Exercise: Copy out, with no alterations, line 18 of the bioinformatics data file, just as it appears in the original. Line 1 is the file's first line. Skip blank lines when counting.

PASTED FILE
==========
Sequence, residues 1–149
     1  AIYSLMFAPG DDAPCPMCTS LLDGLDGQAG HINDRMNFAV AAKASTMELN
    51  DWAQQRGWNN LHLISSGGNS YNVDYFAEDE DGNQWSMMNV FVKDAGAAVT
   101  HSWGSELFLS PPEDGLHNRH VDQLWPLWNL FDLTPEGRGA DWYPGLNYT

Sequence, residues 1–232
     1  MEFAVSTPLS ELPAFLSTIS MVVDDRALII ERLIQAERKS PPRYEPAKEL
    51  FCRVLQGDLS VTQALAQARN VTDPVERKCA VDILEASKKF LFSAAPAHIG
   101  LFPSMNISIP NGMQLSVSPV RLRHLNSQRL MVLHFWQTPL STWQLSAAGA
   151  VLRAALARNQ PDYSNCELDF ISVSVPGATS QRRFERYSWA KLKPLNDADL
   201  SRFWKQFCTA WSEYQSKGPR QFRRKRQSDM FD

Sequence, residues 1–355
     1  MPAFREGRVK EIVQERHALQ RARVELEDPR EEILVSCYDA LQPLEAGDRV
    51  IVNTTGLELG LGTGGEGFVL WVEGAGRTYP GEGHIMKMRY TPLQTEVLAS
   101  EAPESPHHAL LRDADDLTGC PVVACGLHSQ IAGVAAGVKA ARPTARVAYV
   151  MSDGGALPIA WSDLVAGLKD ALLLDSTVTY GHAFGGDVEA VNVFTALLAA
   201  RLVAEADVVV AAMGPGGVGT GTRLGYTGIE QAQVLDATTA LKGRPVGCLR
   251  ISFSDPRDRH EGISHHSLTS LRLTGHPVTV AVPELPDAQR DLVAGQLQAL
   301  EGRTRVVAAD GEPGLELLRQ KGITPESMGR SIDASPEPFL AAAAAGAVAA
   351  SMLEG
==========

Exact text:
   301  EGRTRVVAAD GEPGLELLRQ KGITPESMGR SIDASPEPFL AAAAAGAVAA